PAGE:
How Sprint is trying to fix its biggest problem

sprint ceo marcelo claure
Sprint CEO Marcelo Claure has been traveling around the country trying to tell the carrier's story.

Marcelo Claure took over as Sprint's CEO and president in August of 2014.

At the time, Sprint had the slowest 4G network compared to the other major carriers, was losing customers, and had just been rated the worst carrier in the country.

To turn Sprint (S) around, Claure said he would make the company more "cost efficient" and "aggressive in the marketplace."

But even after thousands of layoffs, significant investments to improve its network, and deep price discounts to woo new customers, the carrier still hasn't addressed its biggest problem -- its lack of identity.

This was abundantly clear when CNNMoney got an exclusive invitation to one of Claure's "listening tour" events in New York last week.

sprint marcelo claure bryant park
Sprint CEO Marcelo Claure talks with wireless customers inside a pop-up bar near New York's Bryant Park ice skating rink.

Since the beginning of the year, Claure has been traveling around the country and meeting with wireless customers from all the major carriers. His goal is to learn what people like and don't like about their providers and take that intel back to headquarters so that Sprint decision makers can improve their efforts to sign up new customers and keep their existing ones.

Toward the end of an hour-long chat with 14 guests, Claure asked them to say the first few words that popped into their heads when they hear Sprint.

Their responses were not only unflattering, but also dismissive: "Old and outdated," "PCS," "bad service," "I don't know anyone who has Sprint," and "still around?"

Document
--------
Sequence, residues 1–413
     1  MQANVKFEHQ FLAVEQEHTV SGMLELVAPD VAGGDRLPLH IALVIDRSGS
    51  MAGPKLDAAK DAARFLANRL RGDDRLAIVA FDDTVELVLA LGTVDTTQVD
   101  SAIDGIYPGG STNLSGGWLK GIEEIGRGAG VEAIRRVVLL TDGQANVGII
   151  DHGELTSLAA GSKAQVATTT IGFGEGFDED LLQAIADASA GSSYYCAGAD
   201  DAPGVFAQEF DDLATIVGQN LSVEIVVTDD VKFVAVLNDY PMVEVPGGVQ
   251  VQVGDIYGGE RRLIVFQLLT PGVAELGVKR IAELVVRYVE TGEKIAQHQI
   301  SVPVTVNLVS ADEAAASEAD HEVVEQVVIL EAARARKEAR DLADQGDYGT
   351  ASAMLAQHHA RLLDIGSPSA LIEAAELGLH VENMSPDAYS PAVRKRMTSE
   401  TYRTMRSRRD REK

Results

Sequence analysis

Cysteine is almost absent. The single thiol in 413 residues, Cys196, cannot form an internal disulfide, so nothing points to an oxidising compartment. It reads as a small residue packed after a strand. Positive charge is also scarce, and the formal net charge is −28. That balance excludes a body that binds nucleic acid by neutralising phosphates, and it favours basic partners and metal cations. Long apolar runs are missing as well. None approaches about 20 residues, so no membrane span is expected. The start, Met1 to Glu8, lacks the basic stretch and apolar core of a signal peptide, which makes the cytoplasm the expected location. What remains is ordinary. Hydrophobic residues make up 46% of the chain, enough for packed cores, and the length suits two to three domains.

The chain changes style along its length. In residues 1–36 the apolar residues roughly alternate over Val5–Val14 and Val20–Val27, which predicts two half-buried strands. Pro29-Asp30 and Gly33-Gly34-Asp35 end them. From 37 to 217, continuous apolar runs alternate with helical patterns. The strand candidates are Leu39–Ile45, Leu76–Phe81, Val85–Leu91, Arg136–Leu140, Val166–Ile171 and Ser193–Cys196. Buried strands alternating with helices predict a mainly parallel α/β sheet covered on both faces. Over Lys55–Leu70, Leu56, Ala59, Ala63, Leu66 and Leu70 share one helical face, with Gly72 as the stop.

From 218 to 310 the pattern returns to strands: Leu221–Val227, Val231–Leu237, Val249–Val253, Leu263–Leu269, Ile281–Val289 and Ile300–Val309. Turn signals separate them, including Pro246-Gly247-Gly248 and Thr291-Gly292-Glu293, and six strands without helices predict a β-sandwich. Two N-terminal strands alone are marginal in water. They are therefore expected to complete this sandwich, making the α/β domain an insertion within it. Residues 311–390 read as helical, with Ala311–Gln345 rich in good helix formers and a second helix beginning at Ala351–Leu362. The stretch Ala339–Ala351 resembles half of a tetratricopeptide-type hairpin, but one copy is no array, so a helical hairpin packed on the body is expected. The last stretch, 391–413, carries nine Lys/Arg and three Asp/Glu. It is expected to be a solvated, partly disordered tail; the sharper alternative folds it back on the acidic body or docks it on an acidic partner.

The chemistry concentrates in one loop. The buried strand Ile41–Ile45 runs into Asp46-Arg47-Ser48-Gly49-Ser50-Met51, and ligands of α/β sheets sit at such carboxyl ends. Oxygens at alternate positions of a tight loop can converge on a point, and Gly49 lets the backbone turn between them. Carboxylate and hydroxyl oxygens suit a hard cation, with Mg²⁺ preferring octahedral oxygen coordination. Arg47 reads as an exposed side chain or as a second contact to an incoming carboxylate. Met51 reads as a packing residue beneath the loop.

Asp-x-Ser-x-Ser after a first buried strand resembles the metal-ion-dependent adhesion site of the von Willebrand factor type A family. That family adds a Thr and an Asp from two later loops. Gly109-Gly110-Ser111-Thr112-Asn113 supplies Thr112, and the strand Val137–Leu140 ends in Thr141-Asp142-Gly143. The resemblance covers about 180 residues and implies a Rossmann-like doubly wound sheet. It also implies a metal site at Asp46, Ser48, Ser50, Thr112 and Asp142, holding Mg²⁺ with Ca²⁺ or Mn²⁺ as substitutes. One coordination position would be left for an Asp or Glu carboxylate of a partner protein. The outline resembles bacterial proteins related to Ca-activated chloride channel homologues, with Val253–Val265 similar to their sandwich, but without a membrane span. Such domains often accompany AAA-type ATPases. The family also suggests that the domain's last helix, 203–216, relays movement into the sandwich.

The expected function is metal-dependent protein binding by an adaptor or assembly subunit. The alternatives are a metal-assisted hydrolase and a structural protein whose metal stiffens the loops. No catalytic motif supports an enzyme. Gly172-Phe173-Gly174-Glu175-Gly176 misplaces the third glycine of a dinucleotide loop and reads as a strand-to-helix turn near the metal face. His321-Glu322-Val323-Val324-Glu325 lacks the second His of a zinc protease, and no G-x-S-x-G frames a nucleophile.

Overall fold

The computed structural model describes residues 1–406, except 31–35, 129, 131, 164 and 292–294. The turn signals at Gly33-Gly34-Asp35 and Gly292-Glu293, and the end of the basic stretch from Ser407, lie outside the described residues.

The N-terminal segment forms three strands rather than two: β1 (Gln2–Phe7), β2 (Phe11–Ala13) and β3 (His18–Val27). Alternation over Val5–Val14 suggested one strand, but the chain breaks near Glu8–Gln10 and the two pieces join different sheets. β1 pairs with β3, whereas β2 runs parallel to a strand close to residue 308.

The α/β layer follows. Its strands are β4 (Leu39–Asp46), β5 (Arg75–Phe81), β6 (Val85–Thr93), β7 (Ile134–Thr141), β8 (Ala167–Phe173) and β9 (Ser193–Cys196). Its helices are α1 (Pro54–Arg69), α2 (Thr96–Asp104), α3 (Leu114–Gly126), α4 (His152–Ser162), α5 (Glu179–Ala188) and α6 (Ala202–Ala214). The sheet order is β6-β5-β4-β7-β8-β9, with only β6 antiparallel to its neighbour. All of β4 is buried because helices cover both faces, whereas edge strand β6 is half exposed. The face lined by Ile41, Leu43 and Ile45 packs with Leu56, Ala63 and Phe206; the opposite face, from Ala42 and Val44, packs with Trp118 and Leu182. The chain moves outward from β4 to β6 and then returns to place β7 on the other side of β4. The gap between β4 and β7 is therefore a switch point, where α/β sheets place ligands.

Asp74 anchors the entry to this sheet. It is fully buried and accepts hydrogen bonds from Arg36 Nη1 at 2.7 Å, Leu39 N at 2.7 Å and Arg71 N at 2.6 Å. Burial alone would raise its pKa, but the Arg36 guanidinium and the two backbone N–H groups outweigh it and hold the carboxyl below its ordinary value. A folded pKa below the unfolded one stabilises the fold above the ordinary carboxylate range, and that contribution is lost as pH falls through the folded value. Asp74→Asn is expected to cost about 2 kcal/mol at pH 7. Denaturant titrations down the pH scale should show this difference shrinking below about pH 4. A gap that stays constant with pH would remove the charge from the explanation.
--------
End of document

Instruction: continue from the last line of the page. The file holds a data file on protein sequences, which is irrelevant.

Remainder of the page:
The word association game didn't fare well for any of the other carriers -- someone described Verizon (VZ, Tech30) as a "con job," another person called T-Mobile (TMUS) "ghetto," AT&T (T, Tech30) is also "old" -- but at least no one questioned their existence.

The guests, who ranged in age from 22 to 53, seemed to have little to no recollection of Sprint's new customer service programs either. And when asked to name the first wireless commercial that popped into their heads, most brought up Verizon's long-retired "Can you hear me now?" campaign.

"So now you understand my big dilemma," Claure said.

Sprint makes ads but no one remembers them or even looks at them -- especially online.

Sprint offers a way for people to get their new phones delivered to them when it's time to upgrade, but not many had heard of the service.

And although everyone said they'd heard about Sprint's half-off promotion, and want to pay less -- they also said "the discount doesn't sound premium."

So Claure did what Sprint as a company should be doing and tied everything good about the carrier into a neat bow.

"We have iPhone Forever and Galaxy Forever, which is awesome," he said. "You get a new iPhone or Galaxy every year. Your phones get delivered to your house. You pay 50 percent and you have a similar network. Assuming all of that is true, how many of you would switch?"

Almost every hand shot up.

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